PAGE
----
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About This Book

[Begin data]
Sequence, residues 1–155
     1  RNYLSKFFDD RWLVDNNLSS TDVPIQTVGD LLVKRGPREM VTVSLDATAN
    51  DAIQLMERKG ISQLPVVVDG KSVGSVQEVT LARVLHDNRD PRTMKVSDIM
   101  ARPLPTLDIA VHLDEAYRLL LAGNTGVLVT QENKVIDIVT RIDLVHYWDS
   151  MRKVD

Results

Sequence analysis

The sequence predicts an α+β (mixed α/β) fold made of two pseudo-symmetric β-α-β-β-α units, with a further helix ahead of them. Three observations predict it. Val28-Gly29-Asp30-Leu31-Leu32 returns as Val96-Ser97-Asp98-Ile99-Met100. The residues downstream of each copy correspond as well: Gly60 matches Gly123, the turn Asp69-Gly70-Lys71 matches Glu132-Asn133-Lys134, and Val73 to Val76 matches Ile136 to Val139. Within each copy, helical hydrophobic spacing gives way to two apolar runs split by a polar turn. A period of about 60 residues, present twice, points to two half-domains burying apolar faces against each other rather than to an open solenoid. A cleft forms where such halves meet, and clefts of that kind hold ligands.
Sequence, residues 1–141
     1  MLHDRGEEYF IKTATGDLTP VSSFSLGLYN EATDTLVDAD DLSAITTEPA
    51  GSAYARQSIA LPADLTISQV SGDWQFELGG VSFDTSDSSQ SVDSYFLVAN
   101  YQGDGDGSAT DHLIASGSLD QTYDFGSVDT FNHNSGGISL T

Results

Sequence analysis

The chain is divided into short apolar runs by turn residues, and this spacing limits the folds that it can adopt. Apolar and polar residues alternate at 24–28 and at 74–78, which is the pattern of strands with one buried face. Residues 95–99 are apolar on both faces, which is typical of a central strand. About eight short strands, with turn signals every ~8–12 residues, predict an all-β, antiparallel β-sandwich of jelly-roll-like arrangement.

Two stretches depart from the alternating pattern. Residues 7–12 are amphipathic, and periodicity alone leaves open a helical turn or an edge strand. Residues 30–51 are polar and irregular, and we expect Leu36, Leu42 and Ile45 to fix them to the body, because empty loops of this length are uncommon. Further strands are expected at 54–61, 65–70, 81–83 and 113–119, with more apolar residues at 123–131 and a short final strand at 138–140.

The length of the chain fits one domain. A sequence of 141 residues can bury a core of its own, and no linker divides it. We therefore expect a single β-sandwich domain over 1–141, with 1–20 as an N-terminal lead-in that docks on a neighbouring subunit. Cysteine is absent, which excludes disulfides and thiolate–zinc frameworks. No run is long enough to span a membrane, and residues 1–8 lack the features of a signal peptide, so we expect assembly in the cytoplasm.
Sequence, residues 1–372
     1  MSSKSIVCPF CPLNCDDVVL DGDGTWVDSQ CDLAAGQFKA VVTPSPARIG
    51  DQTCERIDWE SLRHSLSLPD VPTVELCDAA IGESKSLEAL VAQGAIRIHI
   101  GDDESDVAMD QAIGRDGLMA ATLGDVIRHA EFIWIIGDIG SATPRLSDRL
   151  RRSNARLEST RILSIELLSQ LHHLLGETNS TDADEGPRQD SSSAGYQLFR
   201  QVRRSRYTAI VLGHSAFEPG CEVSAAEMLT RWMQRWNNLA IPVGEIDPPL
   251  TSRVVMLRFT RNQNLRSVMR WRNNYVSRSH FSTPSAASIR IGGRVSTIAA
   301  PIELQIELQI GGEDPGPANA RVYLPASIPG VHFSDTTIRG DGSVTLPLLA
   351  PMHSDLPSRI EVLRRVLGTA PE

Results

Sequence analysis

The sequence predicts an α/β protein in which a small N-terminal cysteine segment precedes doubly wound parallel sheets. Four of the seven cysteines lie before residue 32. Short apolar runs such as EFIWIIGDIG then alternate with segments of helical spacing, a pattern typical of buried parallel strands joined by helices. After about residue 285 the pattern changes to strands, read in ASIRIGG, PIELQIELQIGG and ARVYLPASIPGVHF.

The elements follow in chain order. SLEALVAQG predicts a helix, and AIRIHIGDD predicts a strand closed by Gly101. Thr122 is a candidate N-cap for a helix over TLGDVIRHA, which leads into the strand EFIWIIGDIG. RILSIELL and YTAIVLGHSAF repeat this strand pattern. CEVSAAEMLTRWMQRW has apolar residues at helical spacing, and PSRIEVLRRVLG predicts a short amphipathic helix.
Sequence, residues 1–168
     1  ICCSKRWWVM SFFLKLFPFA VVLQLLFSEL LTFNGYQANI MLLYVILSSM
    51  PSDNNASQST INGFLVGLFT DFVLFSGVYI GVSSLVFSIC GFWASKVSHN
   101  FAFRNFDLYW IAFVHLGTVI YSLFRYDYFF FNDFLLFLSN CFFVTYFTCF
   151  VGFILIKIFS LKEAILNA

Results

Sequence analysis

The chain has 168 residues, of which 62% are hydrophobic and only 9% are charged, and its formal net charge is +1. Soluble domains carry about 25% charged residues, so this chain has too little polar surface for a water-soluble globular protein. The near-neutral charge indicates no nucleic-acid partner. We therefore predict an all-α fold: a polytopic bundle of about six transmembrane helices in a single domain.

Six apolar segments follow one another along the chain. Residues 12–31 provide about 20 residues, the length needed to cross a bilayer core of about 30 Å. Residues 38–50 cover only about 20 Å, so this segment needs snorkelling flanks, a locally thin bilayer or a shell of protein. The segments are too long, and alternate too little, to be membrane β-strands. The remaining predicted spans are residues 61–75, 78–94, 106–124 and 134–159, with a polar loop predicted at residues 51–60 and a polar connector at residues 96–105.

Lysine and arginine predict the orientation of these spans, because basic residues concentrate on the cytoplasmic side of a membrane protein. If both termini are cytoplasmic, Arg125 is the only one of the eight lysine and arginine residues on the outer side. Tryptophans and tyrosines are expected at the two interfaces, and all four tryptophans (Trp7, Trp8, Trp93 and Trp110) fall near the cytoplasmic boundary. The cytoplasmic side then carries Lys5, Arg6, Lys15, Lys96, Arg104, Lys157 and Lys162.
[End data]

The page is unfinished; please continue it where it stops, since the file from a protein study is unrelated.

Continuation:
To meet Mr. Howells again on his Italian rambles is like rejoining an old friend in the midst of scenes associated with the beginning of our friendship. This rich volume is a grateful recollection of the book which first gave him a place in our standard literature. Much of the old charm of 'Venetian Life' is certainly here. The daring disregard of conventionality, the happy discovery of aspects of life un noticed by previous travelers, the artistic and novel use of illustrative side-lights, the quick insight into the characteristics of places, the unforced flow of delicate humor, the fascination of a style distinguished more by natural grace than by laborious polish, and the genial understanding between the author and the reader — all these qualities reappear in the new record of travel; and if they seem less striking than they did of old, we must remember that Mr. Howells himself is no longer a fresh sensation but a familiar favorite. Half the volume is devoted to Florence under the title of Florentine Mosaics. Mr. Howells gives us something quite unlike the ordinary impressions of a traveler. Here is neither set description of scenery and architecture, nor systematic study of life and manners; but the author passes at will from pictures of the streets and squares and churches and palaces, to brief comments upon the people, and glowing transcriptions of dramatic episodes in Florentine history.... Siena is visited in the same temper, although Mr. Howells took his pleasure there with a keener zest than the well-known sights of Florence were able to afford him; and the tour took in Pisa, Lucca, Pistoja, Prato and Fiesole, of which he writes much more briefly than of the more important cities.